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The PC(USA)’s New Way podcast explores how church and home can be courageous spaces

The Rev. Mamisoa Rakotomalala listens for new ideas to face global social violence

by Beth Waltemath | Presbyterian News Service

The Rev. Mamisoa Rakotomalala

“Home is tied to people, family, friends. It can be church, community, places where one belongs and feel welcome,” said the Rev. Mamisoa Rakotomalala in an episode of The New Way podcast called “Where We Call Home.”

Since its beginning in 2019, the New Way podcast, produced by the Rev. Marthame Sanders and hosted by the Rev. Sara Hayden, associate for Apprenticeships and Residences for the 1001 New Worshiping Communities movement, has sought to lift up new voices and new ideas among leaders of spiritual communities across diverse contexts.

As a pastor from Madagascar who has experienced patriarchal church structures and as a scholar currently researching in the United States, Rakotomalala understands how home is both a place of belonging and an experience of estrangement.

“My own sense as a person with experiences in traveling around the globe is that people feel more disconnected from the world around them than ever” said Rakotomalala, whose research focuses on how people marginalized by gender or other identities can open up the spaces of church and home by challenging the prevailing narrative and unconscious social norms. “The conversation women and all people should have around the table is to uncover the story and to test how a singular story most often oppresses one side.”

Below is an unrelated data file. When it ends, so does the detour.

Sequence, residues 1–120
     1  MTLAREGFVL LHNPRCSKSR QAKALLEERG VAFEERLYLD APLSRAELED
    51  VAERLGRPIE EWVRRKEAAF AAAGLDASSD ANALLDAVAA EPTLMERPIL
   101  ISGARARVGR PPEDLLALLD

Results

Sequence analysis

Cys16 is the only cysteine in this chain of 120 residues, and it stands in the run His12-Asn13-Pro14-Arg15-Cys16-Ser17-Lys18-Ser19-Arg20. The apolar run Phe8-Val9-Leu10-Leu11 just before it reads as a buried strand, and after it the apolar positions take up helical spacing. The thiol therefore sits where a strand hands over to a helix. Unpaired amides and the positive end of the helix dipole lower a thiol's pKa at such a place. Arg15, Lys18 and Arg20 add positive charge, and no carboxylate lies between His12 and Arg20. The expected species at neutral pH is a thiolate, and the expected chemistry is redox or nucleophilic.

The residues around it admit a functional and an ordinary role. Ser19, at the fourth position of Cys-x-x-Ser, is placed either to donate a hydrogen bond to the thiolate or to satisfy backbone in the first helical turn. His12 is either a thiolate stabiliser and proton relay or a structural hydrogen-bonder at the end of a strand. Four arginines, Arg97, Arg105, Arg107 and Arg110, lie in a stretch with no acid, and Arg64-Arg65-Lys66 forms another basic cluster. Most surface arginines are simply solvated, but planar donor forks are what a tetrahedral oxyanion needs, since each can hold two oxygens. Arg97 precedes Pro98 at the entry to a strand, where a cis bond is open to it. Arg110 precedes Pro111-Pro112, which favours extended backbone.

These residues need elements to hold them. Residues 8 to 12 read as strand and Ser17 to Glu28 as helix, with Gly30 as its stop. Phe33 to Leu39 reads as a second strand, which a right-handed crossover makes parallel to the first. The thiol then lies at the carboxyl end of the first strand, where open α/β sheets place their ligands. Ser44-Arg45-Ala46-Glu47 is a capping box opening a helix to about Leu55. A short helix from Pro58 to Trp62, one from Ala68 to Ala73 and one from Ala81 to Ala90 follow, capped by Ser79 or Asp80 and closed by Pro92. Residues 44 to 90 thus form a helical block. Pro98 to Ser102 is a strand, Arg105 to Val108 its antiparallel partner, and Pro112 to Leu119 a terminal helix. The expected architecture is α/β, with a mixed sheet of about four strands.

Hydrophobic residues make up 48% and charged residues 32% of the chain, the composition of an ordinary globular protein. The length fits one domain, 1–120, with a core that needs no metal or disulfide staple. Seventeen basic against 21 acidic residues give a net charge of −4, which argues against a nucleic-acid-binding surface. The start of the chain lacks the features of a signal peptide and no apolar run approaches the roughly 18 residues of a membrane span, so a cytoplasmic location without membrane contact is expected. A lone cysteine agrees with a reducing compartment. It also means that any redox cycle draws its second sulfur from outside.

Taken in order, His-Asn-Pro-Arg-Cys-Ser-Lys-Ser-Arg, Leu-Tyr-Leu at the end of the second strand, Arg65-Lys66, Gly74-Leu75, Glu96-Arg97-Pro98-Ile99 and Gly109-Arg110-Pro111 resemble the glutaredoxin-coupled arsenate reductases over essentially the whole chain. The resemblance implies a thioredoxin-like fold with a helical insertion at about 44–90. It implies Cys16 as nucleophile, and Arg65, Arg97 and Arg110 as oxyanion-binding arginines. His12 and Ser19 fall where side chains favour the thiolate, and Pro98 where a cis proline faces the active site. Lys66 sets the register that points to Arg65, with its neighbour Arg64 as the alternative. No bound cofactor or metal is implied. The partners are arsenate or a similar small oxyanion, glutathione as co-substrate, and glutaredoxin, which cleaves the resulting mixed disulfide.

As a pastor who has led more than 10 parishes in Madagascar and as a leader in churches in Atlanta and in the Bay Area during her research, Rakotomalala understands the transformative power of diverse connection.

“I value diversity more than ever. The most important thing in the spaces I’ve been in is to listen and to value every voice,” she said.

In her new worshiping community, Rakotomalala has embraced the ethic of listening as a pastor and worship leader. In a follow-up episode of the New Way podcast, titled “Even Silence is Embraced,” Rakotomalala tells Hayden: “I still feel that as a pastor, one may see us always having the solutions … able to fix everything. But I think switching from that position to be able to listen … to be co-learner in the space, not like that I always have the solution for everything.”

Rakotomalala hopes that when leaders and people switch from the need to fix everything and reduce the complexity of other human experience embrace their vulnerability and uncertainty that courageous spaces are created that “enable new ideas to face personal, but also global social violence that we all are encountering in one way or another.”

New episodes of the New Way podcast drop on Thursdays.


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